environment

Florida Keys National Marine Sanctuary / NOAA

It's been more than 20 years since the last comprehensive plan to manage the Florida Keys National Marine Sanctuary.

Miami Waterkeeper

A crack in a half-century old iron sewer pipe has grown and could keep leaking for up to three weeks while workers struggle to fix it, Miami-Dade County Water and Sewer Director Kevin Lynskey said Friday.

Nadege Green / WLRN

James Valsaint is concerned about displacement in Little Haiti. He knows the neighborhood’s high elevation is attractive to developers and perspective homeowners because it doesn’t flood. He questions how the majority low-income residents in the area will fare as rent costs balloon and where they will go.

Damian McNamara is a homeowner in Morningside, less than a mile from Little Haiti. His neighborhood is affluent, as is the case with most coastal enclaves in South Florida.

Miami-Dade County

Over the weekend, a crack surfaced in a 55-year-old underground sewer pipe in Miami's Oleta River.

The small crack is less than two square inches in diameter and has so far spewed about a half million gallons of raw sewage. But the flow will continue as workers race to install a bypass pipe on the aging line - work they expect to complete by Thursday night.

While less severe than originally suspected when a kayacker discovered the leak Sunday, the spill is drawing attention to a worsening problem across Miami-Dade County: polluted waterways.

Courtesy of Valerie Preziosi

Four thousand years ago, rising seas decimated huge swaths of mangroves in Florida Bay.

Today, seas rising at a far greater rate, combined with increasing storms and drought, could lead to another catastrophic loss of mangroves that help keep the state from sliding into the sea, according to a new study published by the U.S. Geological Survey in the journal Nature Communications.

When Florida wildlife leaders effectively declared “open season” on iguanas, they called for the animals to be killed on private property. And just this week, they doubled down on python eradication. Both animals are considered invasive species in Florida, but recent and past issues with how the animals have been killed has led to accusations of animal cruelty. The state says all killings have to be done “humanely”. But, what does that actually mean? 

Carl Juste/Miami Herald

Randall Dasher is a fourth-generation Florida farmer and until last year, he never had a crop of iron-clay cowpeas fail.

"Something has changed and somewhere, someway, that has affected our yields," he said Monday during a panel at the University of Florida, where farmers met with U.S. Rep. Kathy Castor of Tampa, scientists and agriculture officials.

View of Biscayne Bay from a downtown Miami condo.
Sam Turken / WLRN

A grand jury convened by the Miami-Dade State Attorney’s Office has sounded a dire warning about the state of Biscayne Bay, which it calls the “crown jewel of our environment.” The group warned local officials that immediate action should be taken to save it, and included a variety of recommendations.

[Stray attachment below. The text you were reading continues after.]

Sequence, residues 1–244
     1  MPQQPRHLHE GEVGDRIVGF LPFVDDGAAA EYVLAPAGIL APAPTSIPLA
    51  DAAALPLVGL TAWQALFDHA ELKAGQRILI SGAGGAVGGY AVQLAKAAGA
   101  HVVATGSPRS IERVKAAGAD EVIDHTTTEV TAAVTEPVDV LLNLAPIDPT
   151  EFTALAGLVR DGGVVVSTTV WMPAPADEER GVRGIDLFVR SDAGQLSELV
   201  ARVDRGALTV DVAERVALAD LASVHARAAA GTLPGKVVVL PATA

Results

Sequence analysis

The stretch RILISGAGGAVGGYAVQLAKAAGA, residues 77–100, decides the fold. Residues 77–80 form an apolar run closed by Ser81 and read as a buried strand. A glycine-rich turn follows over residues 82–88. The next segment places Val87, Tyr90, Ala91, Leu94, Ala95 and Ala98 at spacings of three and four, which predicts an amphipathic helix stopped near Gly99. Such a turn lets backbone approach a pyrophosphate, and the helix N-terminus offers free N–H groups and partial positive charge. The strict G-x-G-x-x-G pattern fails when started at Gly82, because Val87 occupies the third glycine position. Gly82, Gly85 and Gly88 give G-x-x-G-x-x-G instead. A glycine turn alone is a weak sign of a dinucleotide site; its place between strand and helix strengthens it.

Nancy Klingener / WLRN

In the last few months, Key West has banned the sale of chemical sunscreens and the use of styrofoam and some pesticides on city property. Now the city is taking on single-use plastics.

Emily Michot Miami Herald

More than a week's worth of King Tides set a new record at Virginia Key, running higher than the high tides during seasonal tides that typically hit in the fall.

For the last eight days, each high tide has set a new record for the day, said Brian McNoldy, a University of Miami Rosenstiel School of Marine and Atmospheric Science senior researcher. At it's highest, on Aug. 2, the tide reached 2.55 feet, more than a foot above the daily average of 1.33 feet. 

Miami Herald archives

A new study from the National Oceanic and Atmospheric Administration looking at 20 years worth of data on pollution has found a new risk threatening Biscayne Bay: "regime change."

Emily Michot / Miami Herald

The odds are stacked against Florida’s coral reefs.

A mysterious disease is devastating them. So is climate change, which warms and acidifies ocean waters. Development and pollution don’t help much, either.

Landmark federal legislation to help corals expired in 2000, and a new bill introduced Friday by Florida’s Republican senators would revive it.

NATIONAL HURRICANE CENTER

South Florida water managers are lowering water levels in canals to prepare for heavy rains starting Friday and into the weekend. 

A tropical wave in the northwest Bahamas is expected to arrive in southeast Florida today and stay through the weekend. Heavy rain, combined with high tides, could lead to flooding in parts of southeast Florida. 

MIAMI HERALD

Florida’s first chief resilience officer, the person in charge of adapting the most vulnerable state in the nation to climate change, has an impressive resume. But it’s missing one thing — any obvious experience with climate change or resilience.

The candidate Gov. Ron Desantis is expected to name as soon as Wednesday, sources tell the Miami Herald, is Julia Nesheiwat. The governor’s office did not immediately respond to a request for comment. Nesheiwat had no comment. No formal announcement has been made.

Florida Keys National Marine Sanctuary

The sparkling waters of the Florida Keys National Marine Sanctuary help pump $4.4 billion into the state's economy while supporting 43,000 jobs, according to a report published Tuesday.

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